What's Up with the Pups?

A few weeks ago, my friend Patricia van Essche forwarded the image of the pin above and queried, "Is this Rosie?"  She had stumbled upon this stick pin at Paris Hotel Boutique.  The yellow collar also seemed fit for the dream house.

A week or so later I had a chance encounter with a lovely, lovely woman here in Kansas City.  Blonde and elegant, clad in crisp white blouse, I could not help but notice the fabulous pin at her throat.  A large oval dog portrait of a once beloved spaniel, nearly two inches from top to bottom, beautifully set and encircled with seed pearls.  My muse gave me a poke.

Pointer, Paris Hotel Boutique

So off I went on-line to see what I could see.  Portrait jewelry, be it animals or people, was very popular with the Victorians.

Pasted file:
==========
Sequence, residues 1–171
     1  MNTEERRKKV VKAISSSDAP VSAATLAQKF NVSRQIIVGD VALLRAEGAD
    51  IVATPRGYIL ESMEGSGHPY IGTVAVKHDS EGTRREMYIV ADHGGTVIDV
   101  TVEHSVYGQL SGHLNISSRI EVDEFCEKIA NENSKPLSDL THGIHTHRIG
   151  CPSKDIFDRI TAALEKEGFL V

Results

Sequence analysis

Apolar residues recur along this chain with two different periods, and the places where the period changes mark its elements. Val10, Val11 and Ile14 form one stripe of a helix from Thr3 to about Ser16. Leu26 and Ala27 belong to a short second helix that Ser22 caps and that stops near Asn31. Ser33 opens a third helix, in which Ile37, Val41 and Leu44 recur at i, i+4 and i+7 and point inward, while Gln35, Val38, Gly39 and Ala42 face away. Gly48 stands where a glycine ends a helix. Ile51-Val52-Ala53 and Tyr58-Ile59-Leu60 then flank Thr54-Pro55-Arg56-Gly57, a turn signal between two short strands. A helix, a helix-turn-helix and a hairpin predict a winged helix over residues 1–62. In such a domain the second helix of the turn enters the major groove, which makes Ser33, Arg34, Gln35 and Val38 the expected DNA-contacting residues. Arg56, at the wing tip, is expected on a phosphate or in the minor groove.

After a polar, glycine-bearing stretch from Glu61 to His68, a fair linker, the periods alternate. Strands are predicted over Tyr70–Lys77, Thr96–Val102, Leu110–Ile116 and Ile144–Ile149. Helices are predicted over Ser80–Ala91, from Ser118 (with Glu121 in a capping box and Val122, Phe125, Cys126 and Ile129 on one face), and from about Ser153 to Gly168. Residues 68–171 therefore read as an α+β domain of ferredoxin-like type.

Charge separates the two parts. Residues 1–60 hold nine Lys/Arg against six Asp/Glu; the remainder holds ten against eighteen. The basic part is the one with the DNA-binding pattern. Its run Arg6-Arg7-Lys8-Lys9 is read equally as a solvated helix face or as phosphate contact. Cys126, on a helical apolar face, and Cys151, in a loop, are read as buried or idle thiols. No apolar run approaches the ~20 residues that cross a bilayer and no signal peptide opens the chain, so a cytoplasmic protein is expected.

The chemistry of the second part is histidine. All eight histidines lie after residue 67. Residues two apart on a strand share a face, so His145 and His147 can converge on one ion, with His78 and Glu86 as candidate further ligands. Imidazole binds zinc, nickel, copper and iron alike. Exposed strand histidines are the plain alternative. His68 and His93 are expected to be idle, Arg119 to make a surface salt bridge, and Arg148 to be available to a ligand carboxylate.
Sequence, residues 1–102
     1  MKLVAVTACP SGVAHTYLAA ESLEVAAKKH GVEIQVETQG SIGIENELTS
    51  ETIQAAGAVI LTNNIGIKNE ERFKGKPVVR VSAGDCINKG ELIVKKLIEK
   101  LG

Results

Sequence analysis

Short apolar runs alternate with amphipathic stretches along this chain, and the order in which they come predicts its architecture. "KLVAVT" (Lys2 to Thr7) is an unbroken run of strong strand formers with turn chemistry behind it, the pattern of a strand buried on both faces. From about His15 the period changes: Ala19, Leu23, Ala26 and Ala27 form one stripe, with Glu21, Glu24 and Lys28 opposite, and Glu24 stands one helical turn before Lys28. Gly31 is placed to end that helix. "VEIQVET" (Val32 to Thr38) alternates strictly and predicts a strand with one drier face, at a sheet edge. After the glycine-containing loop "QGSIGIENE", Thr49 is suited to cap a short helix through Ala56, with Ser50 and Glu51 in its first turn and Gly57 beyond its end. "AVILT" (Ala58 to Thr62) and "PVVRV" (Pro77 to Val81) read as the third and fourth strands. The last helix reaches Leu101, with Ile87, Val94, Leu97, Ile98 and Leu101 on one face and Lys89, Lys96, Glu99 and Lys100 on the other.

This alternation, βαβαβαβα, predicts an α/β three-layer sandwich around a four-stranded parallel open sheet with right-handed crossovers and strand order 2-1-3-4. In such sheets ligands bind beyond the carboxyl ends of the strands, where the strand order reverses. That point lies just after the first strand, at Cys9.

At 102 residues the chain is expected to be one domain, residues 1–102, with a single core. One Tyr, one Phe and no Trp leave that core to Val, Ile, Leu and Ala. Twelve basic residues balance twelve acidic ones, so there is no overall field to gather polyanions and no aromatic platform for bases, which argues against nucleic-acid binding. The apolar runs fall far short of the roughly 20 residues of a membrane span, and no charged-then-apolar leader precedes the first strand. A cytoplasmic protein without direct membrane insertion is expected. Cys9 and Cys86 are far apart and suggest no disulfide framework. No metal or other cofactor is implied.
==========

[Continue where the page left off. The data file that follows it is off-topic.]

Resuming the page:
Bullmastiff, Nelson and Nelson

I found a good selection of enamel and Essex Crystal jewelry.  The Essex Crystal pieces were sculpted into a dome on one side, carved out to create the portrait on the back, then painted in reverse.

Most of the settings I uncovered were simple pins or stick pins, but the Pinscher, above, is encircled by his lead.  

Pit Bull Terrier, ebay

The pricing seemed to range quite a bit from very dear to whim-worthy.

Boston Terrier charm, ebay

But who doesn't have someone on their list who's mad for his or her dog?

Be it his noble hunter?

Or her rascally twins?

Hound cufflinks, The Three Graces

And while it may not resemble your pooch exactly, you have to appreciate those sentimental Victorians.

Cairn Terrier, The Three Graces

They were not afraid to wear their heart on their sleeves.  Or lapels.

Surely, you can't look and those eyes and not bring Lassie home.